Meanwhile, it said that farm implement dealers were reporting a big sale of combines through the county. One farmer, Mr. Cessna of Big Bow, expected wheat yields to total 35 to 40 bushels an acre.

“The last of the Great Southwest is fast being developed, turning the cowman back to the west and breaking out the virgin soil for vast wheat farms,” The News reported.

Dusty days ahead

As people settled Stanton County, farmers began slicing through the prairie in the teens and 1920s. But as more plows took to the treeless plains, the dust began blowing.

Historians say 100 million acres of the southern plains turned into a wasteland during the Dust Bowl days of the 1930s. Drought, coupled with poor farming practices, choked an area of five states: Texas, Oklahoma, Kansas, Colorado and New Mexico.

In Kansas, Stanton County and nearby Morton County were amid the epicenter.

Bob Sipes, a 78-year-old farmer whose father came to the county by wagon in 1902, said he was born at the family farm near Saunders during a dust storm on May 13, 1936. “The doctor stayed two days because he couldn’t see to get home.”

There never was a post office, Sipes said. At one time, though, the elevator sold tires and fuel.

He recalled hauling wheat to the elevator at Saunders when he was a boy. At that time, it was a Gano elevator at the site and a man named Brown operated it, living in the scale house.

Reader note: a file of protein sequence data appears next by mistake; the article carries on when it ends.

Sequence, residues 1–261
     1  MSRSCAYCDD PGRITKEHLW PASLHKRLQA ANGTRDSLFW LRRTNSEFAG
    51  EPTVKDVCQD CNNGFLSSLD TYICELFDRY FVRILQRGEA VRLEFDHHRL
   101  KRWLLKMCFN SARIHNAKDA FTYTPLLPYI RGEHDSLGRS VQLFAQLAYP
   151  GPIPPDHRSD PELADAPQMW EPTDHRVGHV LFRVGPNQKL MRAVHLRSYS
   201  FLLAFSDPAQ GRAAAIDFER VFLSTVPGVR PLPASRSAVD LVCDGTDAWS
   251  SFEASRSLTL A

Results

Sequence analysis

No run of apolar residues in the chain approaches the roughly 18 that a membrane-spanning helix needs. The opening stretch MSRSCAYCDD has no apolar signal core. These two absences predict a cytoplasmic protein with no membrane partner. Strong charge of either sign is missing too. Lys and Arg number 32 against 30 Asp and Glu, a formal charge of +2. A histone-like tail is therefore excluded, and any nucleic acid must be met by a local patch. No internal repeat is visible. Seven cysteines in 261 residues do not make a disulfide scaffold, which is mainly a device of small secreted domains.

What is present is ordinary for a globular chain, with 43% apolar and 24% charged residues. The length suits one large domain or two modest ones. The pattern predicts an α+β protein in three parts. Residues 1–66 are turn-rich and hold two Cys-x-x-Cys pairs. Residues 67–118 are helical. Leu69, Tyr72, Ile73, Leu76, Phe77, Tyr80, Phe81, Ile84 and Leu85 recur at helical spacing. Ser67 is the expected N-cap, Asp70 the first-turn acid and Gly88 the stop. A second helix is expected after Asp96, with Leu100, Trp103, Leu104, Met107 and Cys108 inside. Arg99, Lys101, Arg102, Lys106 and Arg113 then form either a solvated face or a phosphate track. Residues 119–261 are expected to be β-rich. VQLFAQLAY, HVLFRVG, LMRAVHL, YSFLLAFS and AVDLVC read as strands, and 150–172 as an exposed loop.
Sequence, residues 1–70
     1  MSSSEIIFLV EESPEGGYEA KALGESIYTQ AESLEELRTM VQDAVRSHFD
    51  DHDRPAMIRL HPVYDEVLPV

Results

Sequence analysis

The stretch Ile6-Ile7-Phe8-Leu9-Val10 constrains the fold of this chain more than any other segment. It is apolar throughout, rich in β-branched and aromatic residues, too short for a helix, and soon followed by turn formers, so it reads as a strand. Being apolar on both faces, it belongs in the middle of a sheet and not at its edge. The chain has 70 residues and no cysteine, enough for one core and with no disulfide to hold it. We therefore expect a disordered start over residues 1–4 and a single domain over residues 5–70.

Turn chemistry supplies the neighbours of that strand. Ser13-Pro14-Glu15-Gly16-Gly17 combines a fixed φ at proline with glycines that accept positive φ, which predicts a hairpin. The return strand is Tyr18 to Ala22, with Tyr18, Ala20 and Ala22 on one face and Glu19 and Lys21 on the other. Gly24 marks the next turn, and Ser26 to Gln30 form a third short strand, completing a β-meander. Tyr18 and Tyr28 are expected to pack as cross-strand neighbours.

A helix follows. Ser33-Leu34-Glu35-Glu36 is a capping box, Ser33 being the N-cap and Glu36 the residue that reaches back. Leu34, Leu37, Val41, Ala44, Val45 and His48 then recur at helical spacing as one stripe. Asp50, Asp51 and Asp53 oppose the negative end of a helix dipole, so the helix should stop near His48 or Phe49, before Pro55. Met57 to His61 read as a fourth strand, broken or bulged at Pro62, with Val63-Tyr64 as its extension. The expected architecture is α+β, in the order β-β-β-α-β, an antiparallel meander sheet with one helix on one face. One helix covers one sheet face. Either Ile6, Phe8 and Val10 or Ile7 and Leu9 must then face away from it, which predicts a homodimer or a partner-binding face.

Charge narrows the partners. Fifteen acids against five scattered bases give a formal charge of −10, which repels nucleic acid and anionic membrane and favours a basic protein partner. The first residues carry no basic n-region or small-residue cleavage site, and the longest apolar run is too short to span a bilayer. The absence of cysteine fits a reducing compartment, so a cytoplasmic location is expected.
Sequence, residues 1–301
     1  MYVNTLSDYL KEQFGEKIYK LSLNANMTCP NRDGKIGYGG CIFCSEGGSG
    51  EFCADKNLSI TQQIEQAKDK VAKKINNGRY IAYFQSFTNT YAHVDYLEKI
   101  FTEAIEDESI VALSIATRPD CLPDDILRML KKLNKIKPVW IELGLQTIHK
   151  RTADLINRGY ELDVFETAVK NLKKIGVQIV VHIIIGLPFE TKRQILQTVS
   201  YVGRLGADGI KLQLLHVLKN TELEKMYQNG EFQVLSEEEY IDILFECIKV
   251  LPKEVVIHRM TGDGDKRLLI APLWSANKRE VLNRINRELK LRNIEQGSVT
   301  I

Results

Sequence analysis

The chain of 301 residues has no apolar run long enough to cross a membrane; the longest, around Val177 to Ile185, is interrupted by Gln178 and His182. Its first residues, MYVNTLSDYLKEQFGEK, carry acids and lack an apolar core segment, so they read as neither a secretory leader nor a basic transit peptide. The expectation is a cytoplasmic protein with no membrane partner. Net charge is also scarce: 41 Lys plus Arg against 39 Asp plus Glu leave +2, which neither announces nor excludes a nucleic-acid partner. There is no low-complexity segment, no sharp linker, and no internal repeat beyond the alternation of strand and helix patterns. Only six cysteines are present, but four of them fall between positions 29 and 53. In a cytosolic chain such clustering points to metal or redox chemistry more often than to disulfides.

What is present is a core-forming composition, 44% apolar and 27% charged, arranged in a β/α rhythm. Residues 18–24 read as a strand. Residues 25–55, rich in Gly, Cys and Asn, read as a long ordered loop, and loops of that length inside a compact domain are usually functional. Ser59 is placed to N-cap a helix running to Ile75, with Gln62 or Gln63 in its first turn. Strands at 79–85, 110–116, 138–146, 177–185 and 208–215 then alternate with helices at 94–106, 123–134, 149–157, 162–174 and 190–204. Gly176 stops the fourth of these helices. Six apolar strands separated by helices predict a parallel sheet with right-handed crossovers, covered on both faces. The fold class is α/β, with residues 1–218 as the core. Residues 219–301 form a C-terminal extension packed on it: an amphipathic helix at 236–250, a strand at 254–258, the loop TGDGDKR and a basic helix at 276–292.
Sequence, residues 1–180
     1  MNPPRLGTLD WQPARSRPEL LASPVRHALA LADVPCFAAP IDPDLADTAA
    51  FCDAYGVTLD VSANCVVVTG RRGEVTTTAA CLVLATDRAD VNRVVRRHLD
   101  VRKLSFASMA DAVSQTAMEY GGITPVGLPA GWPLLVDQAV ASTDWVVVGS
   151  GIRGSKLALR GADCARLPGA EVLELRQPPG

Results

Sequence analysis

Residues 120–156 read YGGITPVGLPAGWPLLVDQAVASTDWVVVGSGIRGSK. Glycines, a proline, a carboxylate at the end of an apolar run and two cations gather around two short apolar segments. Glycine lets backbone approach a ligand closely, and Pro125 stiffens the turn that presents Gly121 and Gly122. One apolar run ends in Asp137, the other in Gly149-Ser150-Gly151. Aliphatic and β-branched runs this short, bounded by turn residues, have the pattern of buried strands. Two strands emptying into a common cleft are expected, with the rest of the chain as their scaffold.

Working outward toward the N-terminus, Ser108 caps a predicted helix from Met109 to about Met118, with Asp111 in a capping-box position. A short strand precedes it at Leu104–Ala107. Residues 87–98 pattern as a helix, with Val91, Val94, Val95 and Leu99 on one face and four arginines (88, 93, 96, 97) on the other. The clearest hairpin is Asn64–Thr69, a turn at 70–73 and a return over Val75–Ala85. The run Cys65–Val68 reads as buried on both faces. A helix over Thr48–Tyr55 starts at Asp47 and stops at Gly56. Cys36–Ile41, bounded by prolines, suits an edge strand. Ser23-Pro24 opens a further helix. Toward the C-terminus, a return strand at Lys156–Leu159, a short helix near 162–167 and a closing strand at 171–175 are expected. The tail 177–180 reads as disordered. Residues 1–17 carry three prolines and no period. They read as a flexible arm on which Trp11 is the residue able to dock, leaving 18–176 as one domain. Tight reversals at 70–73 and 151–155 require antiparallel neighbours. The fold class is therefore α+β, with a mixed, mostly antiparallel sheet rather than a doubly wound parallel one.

Sipes said his father was on the cooperative board when the cooperative decided to build a concrete facility at Saunders. It took some effort to convince patrons, he said. Sipes, too, was on the board when they decided to build new bins.

Saunders still active

Today, however, Saunders hasn’t changed much. It still is by the railroad. And farmers still haul grain to the site, which is now a location of Skyland Grain.

And it is still just a stone’s throw from Colorado.

“The first thing we did, we walked to Colorado,” 86-year-old Watson said of daily activity. “We were just kids. We’d jump on the railroad tracks. We’d get to ride the train a couple times to Walsh (Colorado) or Johnson. We’d ride in the caboose.”

Watson said her father eventually built a washing machine. And they found a kerosene refrigerator.

Her mother died in 1940. After that, she began to help her father at the elevator, weighing trucks and operating the gas pumps.

The family moved to California for a short time, then ventured back to Stanton County, where her father took a job as a farmhand for Fred Collingwood.

But Watson has fond memories of her time at Saunders.

“It was a fun living out there,” she said.

Other towns